“It will help them live the rest of their lives in dignity. They are owed much more than an apology.”
Liz Carroll, Chief Executive of the Haemophilia Society, said: “The Haemophilia Society speak to families affected by the contaminated blood scandal on a daily basis.

Many are living in poverty, unable to pay everyday bills.  As well as struggling to manage the complex health needs a diagnosis of Hepatitis C and HIV bring on top of a diagnosis of haemophilia or other bleeding disorder, many are unsure of the process to apply for financial support from the Trusts, or find it too distressing to complete.
“We have heard from people who have received vouchers, rather than money, to pay for household items – by stating the name of their charity on the vouchers, they have been humiliated, and exposed people’s HIV diagnosis to shop staff. Others live in damp conditions due to household repairs waiting to be funded going back several years, as they don’t feel able to provide the level of detail required to receive financial support from the Trust.  Others are unable to prove they were infected by NHS treatment as their medical records are missing.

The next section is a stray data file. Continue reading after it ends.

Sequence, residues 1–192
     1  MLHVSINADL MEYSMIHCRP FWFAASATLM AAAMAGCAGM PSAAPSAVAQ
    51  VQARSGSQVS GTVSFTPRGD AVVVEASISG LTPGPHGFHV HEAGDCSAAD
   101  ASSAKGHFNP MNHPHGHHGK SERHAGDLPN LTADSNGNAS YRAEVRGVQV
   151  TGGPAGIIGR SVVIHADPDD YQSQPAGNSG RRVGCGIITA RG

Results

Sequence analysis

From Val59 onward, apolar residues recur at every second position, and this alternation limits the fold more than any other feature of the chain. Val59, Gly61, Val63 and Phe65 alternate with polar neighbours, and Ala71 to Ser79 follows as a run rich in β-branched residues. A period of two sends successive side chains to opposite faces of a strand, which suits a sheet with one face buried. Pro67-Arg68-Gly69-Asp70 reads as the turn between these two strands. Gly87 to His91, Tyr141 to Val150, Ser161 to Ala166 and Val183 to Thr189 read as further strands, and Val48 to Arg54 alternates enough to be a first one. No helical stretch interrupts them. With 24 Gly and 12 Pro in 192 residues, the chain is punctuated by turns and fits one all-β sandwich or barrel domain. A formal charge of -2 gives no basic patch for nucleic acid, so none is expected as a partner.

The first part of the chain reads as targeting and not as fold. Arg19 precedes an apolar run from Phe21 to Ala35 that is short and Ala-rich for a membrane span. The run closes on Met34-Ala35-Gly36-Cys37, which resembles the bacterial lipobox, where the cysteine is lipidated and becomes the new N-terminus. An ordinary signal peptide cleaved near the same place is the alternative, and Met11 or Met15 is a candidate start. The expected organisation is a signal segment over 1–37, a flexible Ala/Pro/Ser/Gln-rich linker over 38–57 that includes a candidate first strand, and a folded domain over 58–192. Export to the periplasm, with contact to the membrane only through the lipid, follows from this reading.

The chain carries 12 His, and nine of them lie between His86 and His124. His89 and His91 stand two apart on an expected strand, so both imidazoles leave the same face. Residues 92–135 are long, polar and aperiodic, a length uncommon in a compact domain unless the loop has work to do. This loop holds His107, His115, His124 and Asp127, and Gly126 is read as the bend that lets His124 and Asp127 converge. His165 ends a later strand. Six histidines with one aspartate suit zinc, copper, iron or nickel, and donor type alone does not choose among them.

“This situation must change to allow everyone affected by the contaminated blood scandal to live with enough financial support, provided in a supportive environment, to have a good standard of living.
“NHS treatment devastated many lives. Now is the time to right this wrong and enable them to live with dignity.”

Co-Chair of the APPG on Haemophilia and Contaminated Blood, Jason McCartney MP (Con), said: “The APPG report highlights the breadth of problems faced by beneficiaries when trying to gain financial support. The community affected by contaminated blood have complex health needs and must navigate a difficult and intrusive application process to get this financial support. Respondents of the survey frequently mentioned the heartbreak and strain caused by feeling as though they have to ‘beg’ for every bit of support that they receive.
“The report is the most in-depth look at the current financial support system in place for those affected by contaminated blood and it paints a mostly negative picture. The report will be published in tandem with the Right Honourable Alistair Burt MP’s ongoing discussions with Number 10 about a financial settlement and the imminent publication of the Penrose Inquiry. The coalescence of these various events presents a unique opportunity to improve the lives of beneficiaries and their families who access the system of support. The affected community have waited years to achieve a measure of closure and if the report recommendations are enacted they will be able to access the financial support that they need without the current bureaucracy and intrusion.”